By Chris Joseph
By Michael E. Miller
By Kyle Swenson
By David Villano
By Kyle Swenson
By John Thomason
By Michele Eve
The two-year-old Actors' Project Theatre Company is the first to admit that with Love's Fire, it's shamelessly cashing in on the current cachet of William Shakespeare. "He's hip and young, but older crowds recognize him, too" says Irene Adjan, the company's cofounder. But since the Bard-inspired theater piece -- which features a short play each from Eric Bogosian, William Finn, John Guare, Tony Kushner, Marsha Norman, Ntozake Shange, and Wendy Wasserstein -- brings together more contemporary playwrights in one evening than any other regular-season theater company does all year, no one is complaining. That is, no one looking for an antidote to the middlebrow sameness of the works that too many South Florida theaters present.
The anthology piece started life as a dramatic homework assignment, commissioned three years ago by New York's Acting Company, which sent a different Shakespearean sonnet to each of seven American playwrights and asked them to write a play about it. Love's Fire premiered at the Guthrie Theatre Lab in Minneapolis in 1998. That it has shown up in South Florida a mere 18 months after its genesis seems like a small miracle -- albeit one that's nearly hidden away. Few spaces are less promising than the tiny Studio, where the Actors' Project Theatre Company performs, a musty pillbox just a few blocks from downtown Fort Lauderdale.
Yet I don't think Shakespeare would mind, given the liveliness of this production. With a company of eight (four men and four women), in which acting talent isn't evenly dispersed, the quality ranges from brilliant to annoying, but I'm still recommending it. Where else are you going to get a tiny musical by William Finn, author of the Falsettos trio, much less a Wendy Wasserstein or Marsha Norman work?
The thoughtfulness that went into the choice of material seeps into the technical aspects of the show as well. The seven one-acts unfold on a single inventive, multipurpose set, made up of variously shaped movable blocks and columns covered with parchment on which sonnets have been scrawled. A backdrop, echoing the production's red, black, and white color scheme, reproduces lines from different sonnets. An upright piano completes the set.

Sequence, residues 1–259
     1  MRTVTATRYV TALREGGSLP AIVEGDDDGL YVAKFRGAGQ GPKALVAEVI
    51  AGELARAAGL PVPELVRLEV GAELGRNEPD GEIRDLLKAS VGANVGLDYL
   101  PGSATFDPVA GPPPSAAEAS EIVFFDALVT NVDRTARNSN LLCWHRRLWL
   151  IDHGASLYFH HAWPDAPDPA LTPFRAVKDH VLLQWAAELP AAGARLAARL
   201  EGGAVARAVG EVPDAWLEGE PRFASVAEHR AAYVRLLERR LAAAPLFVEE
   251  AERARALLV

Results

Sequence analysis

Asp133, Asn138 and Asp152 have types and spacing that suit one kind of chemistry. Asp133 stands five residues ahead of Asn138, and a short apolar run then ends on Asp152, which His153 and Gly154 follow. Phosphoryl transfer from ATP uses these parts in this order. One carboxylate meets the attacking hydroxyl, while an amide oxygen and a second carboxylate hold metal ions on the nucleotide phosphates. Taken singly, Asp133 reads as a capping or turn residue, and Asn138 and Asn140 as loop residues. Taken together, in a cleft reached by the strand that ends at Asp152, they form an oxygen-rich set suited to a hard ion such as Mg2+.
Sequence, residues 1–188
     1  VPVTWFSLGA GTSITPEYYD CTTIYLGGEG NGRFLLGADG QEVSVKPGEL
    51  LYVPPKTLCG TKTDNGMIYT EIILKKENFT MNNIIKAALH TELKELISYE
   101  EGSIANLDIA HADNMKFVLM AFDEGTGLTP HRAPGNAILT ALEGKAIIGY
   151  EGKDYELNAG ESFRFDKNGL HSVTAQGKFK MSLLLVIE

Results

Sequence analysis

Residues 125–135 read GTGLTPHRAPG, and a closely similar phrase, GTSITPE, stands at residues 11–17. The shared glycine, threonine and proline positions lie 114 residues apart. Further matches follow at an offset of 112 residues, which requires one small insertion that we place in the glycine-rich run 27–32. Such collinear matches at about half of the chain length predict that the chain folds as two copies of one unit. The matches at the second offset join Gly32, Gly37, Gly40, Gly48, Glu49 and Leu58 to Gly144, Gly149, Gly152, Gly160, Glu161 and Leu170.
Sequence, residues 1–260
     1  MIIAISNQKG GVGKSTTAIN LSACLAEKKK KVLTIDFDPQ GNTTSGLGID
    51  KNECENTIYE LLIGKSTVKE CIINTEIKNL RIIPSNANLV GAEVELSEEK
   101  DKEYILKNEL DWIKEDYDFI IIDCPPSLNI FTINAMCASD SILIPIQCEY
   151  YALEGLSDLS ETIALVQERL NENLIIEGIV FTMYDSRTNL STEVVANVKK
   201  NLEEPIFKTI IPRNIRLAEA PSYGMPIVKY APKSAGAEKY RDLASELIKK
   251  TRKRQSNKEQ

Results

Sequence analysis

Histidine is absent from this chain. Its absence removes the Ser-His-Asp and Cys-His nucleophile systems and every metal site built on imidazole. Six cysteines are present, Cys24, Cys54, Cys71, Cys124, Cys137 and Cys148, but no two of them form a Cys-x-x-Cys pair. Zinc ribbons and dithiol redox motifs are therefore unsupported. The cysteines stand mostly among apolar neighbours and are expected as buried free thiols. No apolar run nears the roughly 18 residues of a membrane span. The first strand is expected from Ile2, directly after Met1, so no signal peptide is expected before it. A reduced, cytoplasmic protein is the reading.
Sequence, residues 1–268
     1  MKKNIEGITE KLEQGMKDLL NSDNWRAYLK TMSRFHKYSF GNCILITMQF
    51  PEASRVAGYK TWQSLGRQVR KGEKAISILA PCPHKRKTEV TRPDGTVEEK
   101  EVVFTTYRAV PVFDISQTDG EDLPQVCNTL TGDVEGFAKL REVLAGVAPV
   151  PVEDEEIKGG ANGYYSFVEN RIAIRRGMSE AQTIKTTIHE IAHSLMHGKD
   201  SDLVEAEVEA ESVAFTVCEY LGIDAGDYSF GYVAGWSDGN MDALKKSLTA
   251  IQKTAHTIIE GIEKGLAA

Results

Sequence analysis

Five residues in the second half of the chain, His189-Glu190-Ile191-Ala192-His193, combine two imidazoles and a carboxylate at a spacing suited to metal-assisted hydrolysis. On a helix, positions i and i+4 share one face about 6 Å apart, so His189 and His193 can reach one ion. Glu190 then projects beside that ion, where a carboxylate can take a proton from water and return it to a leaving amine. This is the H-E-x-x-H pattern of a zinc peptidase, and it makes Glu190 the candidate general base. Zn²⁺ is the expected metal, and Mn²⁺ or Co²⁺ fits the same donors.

As for the works themselves, most of the writers took great liberties with their assignments, giving us expressionistic responses to the sonnets. For example, Ntozake Shange's jazz-poem play Hydraulics Phat Like Mean, her interpretation of Sonnet 128 ("How oft, when thou, my music, music play'st") contains both literal interpretations of the Bard and riffs on his themes. "Is there a way you can make me sound like that?" a man moans to his would-be lover, a sultry woman playing the piano. If only the rest of Shange's one-act play were as sexy. Directed by Robert Craig Dawson, the drama is spelled out in a teasing dance, unfortunately performed by two company members (Adjan and Christopher Carlisle) who are anything but natural hoofers and from whose mouths Shange's jive lingo sounds forced.
A happier -- and riotously funny -- result is Tony Kushner's entry. Called Terminating, this small masterpiece -- a response to Sonnet 75 ("So are you to my thoughts as food to life") -- is well directed by actor John Fionte. Its star, however, is Michael McKeever, who plays the protagonist, a confused schlub who arrives unannounced at his therapist's office and begs his doctor to have sex with him. Her response? "I'm going to charge you for this visit." There's no way to reproduce on paper the hilarious tenor of this play, partially because Kushner's dialogue nearly self-combusts on its own genius, a postmodern Abbott and Costello routine, and partially because McKeever delivers it with an inspired lunacy that belies the technical polish and subtle acting choices he's making.
Since McKeever gets all the good lines, it's a good thing he earns them. Few of the performances in this production -- which showcases its actors, offering each at least a half-dozen different roles -- are as deft. In fact, only Fionte possesses the dexterity or inventiveness to match McKeever. My advice to the Actors' Project founders, Amy London and Adjan, is to seek out more actors of this caliber. No one else in the cast makes an impression, much less seems to know how to convey information with movement or line readings. A work like Love's Fire deserves performers who can stand up to it.
As for you theatergoers, if you're wondering whether you should brush up on your Shakespeare before you step out to the theater, rest easy. Each sonnet is read aloud by an actor after each play. I'm still puzzling over the difficult Sonnet 118 ("Like as to make our appetites more keen"), the inspiration for Eric Bogosian's Bitter Sauce. Not that it really matters. The humor of Bogosian's commentary on love is clear enough, revealed in a story about a woman who confesses to her fiance that she's been having an affair with a biker. (When the biker shows up, the fiance tells him the woman is dead, which really complicates things.) The centerpiece of this work is Fionte, who plays the fiance like a hapless suburban drone -- the kind of guy any woman might cheat on but whom you feel sorry for anyway.